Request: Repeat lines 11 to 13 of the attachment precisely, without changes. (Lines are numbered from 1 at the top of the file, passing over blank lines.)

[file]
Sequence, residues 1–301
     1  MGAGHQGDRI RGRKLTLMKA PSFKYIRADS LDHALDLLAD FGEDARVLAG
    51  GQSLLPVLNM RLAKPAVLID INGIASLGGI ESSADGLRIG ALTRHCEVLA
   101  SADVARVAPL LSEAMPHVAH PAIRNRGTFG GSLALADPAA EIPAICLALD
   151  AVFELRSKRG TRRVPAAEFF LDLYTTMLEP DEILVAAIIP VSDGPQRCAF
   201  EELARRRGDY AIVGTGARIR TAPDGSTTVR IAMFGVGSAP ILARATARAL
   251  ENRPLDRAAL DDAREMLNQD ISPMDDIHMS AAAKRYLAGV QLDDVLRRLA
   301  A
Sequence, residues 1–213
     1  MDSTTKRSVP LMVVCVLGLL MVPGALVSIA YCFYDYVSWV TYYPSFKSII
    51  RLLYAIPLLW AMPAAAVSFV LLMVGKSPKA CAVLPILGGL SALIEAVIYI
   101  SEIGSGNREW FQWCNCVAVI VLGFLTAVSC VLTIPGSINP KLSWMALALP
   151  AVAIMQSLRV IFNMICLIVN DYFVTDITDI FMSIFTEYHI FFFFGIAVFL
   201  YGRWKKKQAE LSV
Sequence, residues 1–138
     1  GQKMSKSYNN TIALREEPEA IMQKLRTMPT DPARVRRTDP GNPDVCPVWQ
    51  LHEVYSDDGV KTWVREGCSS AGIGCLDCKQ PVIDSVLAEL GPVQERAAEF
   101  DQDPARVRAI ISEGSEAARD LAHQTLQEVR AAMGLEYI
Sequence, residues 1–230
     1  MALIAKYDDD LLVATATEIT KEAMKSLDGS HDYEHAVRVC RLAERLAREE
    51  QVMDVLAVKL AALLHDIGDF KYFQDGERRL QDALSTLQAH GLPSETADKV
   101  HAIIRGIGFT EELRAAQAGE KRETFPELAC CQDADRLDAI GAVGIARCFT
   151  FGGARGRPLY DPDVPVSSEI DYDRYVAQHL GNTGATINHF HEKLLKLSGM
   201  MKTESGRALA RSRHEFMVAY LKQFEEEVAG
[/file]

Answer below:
    51  RLLYAIPLLW AMPAAAVSFV LLMVGKSPKA CAVLPILGGL SALIEAVIYI
   101  SEIGSGNREW FQWCNCVAVI VLGFLTAVSC VLTIPGSINP KLSWMALALP
   151  AVAIMQSLRV IFNMICLIVN DYFVTDITDI FMSIFTEYHI FFFFGIAVFL